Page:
ITC: Making its own way
The wood based paper mills in India have been facing the serious challenge with regard to availability of forest-based raw material. The continuous increase in the pulpwood price is making the fire more furious. This situation demanded that the respective companies should try to materialize on the resources available to them and go for thorough R&D to tackle the dearth of raw material. One such example is ITC’s efforts for meeting wood requirement for its pulp and paper production. Here we present a case study explored with Mr. HD Kulkarni, VP (Plantation) at ITC Ltd (PSPD), Unit: Bhadrachalam, on how ITC developed agro farm forestry as a solution to address this challenge.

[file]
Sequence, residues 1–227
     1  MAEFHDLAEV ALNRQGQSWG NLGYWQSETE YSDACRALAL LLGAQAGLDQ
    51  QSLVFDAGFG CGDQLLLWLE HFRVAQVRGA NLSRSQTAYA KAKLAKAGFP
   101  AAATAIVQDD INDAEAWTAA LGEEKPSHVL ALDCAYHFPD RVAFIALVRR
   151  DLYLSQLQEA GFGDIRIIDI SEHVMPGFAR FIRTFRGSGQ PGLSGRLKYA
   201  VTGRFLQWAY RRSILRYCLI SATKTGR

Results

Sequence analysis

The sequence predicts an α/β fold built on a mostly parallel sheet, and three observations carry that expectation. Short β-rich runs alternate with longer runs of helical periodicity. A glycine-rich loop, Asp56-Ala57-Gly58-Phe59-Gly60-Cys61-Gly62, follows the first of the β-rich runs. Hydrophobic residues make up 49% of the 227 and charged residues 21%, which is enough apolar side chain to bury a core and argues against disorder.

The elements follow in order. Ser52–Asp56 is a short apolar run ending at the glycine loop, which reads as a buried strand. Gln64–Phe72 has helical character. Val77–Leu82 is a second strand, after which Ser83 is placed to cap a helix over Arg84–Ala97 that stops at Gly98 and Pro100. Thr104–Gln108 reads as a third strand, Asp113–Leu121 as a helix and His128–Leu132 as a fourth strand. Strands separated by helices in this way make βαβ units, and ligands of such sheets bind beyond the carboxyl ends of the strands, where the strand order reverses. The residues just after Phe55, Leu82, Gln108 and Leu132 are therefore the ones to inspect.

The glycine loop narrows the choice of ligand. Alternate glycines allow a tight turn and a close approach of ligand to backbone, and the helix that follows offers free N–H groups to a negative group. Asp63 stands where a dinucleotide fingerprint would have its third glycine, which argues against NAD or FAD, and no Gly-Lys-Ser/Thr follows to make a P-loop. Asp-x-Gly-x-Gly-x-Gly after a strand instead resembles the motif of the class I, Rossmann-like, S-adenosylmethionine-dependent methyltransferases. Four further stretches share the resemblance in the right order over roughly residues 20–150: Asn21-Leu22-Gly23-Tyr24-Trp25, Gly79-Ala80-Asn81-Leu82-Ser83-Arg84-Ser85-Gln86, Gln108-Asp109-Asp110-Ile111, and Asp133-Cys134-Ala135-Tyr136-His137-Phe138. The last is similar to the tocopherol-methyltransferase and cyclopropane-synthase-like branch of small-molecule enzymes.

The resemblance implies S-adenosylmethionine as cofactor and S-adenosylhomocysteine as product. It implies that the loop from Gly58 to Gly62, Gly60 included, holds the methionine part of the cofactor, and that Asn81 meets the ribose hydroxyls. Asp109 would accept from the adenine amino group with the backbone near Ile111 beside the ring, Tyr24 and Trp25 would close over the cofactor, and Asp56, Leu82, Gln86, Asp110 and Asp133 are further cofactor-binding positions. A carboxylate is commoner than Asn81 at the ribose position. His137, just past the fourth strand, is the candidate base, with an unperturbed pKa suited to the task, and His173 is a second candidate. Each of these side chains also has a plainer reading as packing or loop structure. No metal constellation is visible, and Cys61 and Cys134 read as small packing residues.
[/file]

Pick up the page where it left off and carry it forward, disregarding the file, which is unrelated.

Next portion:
Paper and paperboard has become an essential requirement of our life. The current global paper and paperboard demand is 402 MTPA. The forecast for paper production by 2021 is projected at 521 MTPA. In India the present consumption of paper and paperboard including newsprint is at 11.15 MTPA (per capita consumption at 9.3 kgs) and the growth of paper mills from 17 units in 1950 to 759 in 2010 with a production of 10.11 MTPA is spectacular. With the GDP growth expected to be at 8% for the five year plan period 2013-17, growth in consumption of paper and paperboard is expected to be about 8%. This translates in to consumption of about 24 million tons and production of 22 million tons by 2025 resulting in per capita consumption of 17 kg. All this means rapid growth of pulp and paper industry in India that ultimately requires wood as raw material.